Dileep Nadirsha

Director: Nadir Shah
Cast: Dileep, Urvashi, Jaffer Idukki, Ganapathi, Anusree
Language: Malayalam

Somewhere inside the glorious mess that is Keshu Ee Veedinte Nadhan is a half-decent idea that could have made for a watchable comedy. But director Nadir Shah seems to be brimming with so many more concepts that he wants to throw all of them at us hoping at least a few sticks. The idea for Dileep’s character Keshu seems to be one he thought would surely stick. Keshu is a miser and a patriarch and he’s meant to be the kind of person we would love to hate. He’s also controlling, obnoxious and filled with so many peculiarities that it could have worked if used in moderation. But expecting subtlety from Nadir Shah is like expecting feminism from Omar Lulu. 

Take a look at the way the film registers Keshu’s carelessness. It’s a trait that has some bearing on the plot so it’s important we hold on to this information. So we get a scene where Keshu walks out of the bathroom half-naked to receive a phone call. But the gag is stretched so far that he’s made to walk out into his bedroom, then onto the corridor, out of the hotel, into the streets and then to another part of town, all with soap splattered all over his body, to make the joke land. 

The movie does this again when several characters are required to look for a missing lottery ticket. At one point, paper planes need to be made to help with this search and in all fairness, this absurd side-plot could have led to a little laughter. But this “joke” snowballs into a long five-minute sequence that makes absolutely no point at the end. It’s like the makers never know when to stop, choosing instead to overdo everything until the jokes hurt both the eyes and ears.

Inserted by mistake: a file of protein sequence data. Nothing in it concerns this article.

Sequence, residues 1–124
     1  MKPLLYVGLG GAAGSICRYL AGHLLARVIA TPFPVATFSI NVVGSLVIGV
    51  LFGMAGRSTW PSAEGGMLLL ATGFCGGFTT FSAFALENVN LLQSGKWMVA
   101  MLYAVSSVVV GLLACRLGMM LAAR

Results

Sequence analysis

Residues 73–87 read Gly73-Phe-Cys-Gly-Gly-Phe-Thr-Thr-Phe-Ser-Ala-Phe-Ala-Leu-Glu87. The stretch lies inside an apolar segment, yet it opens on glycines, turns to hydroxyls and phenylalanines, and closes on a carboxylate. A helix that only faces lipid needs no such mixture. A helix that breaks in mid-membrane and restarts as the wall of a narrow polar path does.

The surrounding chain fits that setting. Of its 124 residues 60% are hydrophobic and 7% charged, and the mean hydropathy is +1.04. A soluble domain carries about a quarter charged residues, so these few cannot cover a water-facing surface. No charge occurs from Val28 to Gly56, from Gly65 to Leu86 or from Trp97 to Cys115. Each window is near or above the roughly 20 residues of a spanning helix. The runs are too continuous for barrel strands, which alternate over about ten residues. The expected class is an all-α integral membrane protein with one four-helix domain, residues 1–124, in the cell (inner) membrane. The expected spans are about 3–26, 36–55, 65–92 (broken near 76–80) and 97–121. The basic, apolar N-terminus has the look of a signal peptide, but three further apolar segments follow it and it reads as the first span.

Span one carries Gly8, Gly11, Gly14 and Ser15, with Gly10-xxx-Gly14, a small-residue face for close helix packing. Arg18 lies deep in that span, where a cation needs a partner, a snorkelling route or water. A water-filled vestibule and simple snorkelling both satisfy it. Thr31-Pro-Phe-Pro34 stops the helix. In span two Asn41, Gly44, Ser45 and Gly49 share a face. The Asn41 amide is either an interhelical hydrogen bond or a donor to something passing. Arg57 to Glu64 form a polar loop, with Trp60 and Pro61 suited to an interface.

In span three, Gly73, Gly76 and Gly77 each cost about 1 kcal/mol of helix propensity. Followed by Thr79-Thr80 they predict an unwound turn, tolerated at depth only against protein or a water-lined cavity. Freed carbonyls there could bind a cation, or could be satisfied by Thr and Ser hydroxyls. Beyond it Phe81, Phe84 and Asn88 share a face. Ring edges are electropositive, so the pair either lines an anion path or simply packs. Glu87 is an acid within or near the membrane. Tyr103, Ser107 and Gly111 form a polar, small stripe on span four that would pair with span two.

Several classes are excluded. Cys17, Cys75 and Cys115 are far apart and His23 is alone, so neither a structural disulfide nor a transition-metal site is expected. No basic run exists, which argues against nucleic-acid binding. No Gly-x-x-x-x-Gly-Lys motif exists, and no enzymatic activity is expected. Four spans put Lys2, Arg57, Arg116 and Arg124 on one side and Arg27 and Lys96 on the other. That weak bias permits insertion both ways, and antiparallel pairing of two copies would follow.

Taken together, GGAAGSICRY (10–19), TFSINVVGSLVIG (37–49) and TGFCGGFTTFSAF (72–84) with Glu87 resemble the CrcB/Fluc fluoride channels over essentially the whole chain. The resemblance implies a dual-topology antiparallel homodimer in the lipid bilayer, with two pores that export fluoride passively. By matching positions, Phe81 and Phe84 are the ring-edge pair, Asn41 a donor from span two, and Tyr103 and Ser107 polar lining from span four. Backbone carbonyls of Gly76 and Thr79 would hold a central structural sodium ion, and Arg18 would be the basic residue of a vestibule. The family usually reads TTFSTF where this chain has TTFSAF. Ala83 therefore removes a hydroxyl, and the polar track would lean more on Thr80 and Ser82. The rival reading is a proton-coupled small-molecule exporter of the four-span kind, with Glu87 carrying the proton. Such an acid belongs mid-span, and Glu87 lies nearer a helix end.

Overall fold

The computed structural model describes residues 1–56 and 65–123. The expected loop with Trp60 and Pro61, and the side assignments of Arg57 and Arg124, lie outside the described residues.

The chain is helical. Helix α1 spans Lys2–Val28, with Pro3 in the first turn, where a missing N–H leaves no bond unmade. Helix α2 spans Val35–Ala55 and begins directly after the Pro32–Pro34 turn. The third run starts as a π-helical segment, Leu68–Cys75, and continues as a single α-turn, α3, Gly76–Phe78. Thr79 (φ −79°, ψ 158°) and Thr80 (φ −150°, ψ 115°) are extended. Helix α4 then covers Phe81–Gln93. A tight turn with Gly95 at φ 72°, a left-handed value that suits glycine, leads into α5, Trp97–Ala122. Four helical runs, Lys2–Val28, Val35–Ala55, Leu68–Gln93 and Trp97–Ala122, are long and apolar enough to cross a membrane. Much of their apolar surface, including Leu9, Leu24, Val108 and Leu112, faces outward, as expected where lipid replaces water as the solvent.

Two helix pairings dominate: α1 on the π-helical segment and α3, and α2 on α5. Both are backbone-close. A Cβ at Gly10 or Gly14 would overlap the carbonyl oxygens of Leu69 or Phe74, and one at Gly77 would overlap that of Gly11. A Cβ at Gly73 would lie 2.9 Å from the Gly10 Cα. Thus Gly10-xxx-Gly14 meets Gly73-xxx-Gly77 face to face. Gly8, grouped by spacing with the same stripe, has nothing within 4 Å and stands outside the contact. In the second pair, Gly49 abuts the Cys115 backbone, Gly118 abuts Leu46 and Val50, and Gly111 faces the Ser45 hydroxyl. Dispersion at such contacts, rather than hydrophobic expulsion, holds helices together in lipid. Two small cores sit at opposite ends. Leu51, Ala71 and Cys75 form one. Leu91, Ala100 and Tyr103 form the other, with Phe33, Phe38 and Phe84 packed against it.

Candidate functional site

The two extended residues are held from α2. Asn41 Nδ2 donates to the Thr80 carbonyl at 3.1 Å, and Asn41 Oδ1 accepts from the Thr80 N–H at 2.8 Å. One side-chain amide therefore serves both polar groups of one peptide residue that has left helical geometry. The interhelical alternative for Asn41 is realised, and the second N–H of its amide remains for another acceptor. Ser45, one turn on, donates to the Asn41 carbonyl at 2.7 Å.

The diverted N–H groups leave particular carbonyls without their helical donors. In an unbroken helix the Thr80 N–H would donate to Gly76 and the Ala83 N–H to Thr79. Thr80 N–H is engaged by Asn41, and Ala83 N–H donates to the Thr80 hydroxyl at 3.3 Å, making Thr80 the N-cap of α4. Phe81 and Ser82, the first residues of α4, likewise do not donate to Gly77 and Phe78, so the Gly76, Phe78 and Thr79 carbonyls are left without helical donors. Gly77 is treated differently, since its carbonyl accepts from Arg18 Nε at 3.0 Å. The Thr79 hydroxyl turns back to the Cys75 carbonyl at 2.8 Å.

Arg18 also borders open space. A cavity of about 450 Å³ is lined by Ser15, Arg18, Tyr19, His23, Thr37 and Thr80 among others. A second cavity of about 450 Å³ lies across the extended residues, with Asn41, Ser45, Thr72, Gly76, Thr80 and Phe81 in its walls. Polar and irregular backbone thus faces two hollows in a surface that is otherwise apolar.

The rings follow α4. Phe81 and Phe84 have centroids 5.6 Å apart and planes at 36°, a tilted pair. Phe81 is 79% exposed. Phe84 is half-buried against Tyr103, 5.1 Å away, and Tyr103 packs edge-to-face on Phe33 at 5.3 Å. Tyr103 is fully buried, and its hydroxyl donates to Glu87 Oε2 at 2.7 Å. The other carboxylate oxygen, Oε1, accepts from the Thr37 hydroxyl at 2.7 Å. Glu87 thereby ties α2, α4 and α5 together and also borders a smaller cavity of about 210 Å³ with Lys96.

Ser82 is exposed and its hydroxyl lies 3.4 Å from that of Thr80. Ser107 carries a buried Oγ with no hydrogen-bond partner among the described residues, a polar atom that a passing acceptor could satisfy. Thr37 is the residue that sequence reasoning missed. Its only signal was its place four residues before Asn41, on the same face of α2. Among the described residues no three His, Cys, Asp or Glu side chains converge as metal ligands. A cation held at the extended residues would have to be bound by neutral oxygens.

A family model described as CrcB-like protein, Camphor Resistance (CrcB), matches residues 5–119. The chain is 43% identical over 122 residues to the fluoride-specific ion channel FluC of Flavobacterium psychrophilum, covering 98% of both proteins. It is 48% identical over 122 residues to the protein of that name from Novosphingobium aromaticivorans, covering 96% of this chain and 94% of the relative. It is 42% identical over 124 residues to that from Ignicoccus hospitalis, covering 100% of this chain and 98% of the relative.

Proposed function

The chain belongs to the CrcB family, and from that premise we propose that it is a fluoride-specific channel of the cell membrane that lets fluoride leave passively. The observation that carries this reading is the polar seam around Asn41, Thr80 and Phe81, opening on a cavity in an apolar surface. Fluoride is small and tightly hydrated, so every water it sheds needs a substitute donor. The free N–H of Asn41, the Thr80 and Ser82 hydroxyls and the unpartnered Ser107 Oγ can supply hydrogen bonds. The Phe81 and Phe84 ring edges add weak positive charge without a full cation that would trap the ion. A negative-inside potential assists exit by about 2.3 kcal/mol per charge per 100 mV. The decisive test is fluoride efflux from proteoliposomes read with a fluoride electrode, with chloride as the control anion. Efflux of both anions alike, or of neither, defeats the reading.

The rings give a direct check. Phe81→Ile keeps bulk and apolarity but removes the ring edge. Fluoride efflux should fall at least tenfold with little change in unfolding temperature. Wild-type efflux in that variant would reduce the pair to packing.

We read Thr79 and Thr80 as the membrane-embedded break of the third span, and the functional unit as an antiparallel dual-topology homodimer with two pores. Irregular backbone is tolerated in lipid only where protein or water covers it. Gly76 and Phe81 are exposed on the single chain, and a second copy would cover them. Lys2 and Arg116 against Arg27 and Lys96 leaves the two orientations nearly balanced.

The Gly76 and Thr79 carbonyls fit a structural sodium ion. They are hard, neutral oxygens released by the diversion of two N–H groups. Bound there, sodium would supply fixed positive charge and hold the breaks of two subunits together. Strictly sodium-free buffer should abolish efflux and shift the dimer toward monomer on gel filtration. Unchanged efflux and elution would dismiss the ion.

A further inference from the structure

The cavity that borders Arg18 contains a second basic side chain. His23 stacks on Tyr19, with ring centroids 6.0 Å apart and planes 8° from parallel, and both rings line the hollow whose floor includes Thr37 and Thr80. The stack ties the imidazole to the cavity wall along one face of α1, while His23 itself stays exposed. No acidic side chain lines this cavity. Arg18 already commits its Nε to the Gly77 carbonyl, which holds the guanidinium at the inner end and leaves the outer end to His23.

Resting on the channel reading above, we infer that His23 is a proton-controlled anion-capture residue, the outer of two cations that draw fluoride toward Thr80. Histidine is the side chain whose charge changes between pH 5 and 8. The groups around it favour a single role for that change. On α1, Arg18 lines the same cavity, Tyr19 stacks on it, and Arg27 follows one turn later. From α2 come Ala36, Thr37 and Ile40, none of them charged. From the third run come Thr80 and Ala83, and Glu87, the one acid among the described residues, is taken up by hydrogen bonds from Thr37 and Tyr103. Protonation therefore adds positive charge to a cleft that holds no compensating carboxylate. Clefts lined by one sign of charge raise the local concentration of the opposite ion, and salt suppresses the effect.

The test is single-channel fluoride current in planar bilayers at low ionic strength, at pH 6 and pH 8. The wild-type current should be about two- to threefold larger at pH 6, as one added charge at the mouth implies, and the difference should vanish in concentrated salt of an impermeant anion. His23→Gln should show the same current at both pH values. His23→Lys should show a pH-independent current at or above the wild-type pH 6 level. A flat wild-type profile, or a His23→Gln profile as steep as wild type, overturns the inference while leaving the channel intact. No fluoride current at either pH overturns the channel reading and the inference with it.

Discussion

But it’s not just the film’s detours to accommodate these sketch-like inserts, it’s also that the film never really had anywhere to go. For half an hour, it operates in the zone of a comedy like Midhunam with the whole dysfunctional joint family going on a road trip. But then it wants to be a bit of Malamaal Weekly too with a dash of Raapakal and a hint of Sandeshan until it culminates in one big jug of Balettan, with a little bit of Valsalyam for taste. 

The film thinks it’s being very clever by introducing a character to double-guess the audience but we’ve already gotten there hours before he does. The feeling of déjà vu extends to Dileep’s performance too when you see traces of both Kunjikunan and Chandupottu in the way he’s created Keshu. It’s also a bit rich when it starts lecturing us about neglecting the elderly when the script itself has neglected the character of Keshu’s mother through most of its runtime. With entire strands just abandoned without any resolution or purpose, Keshu Ee Veedinte Nadhan is a painful way to spend the last day of the year. 

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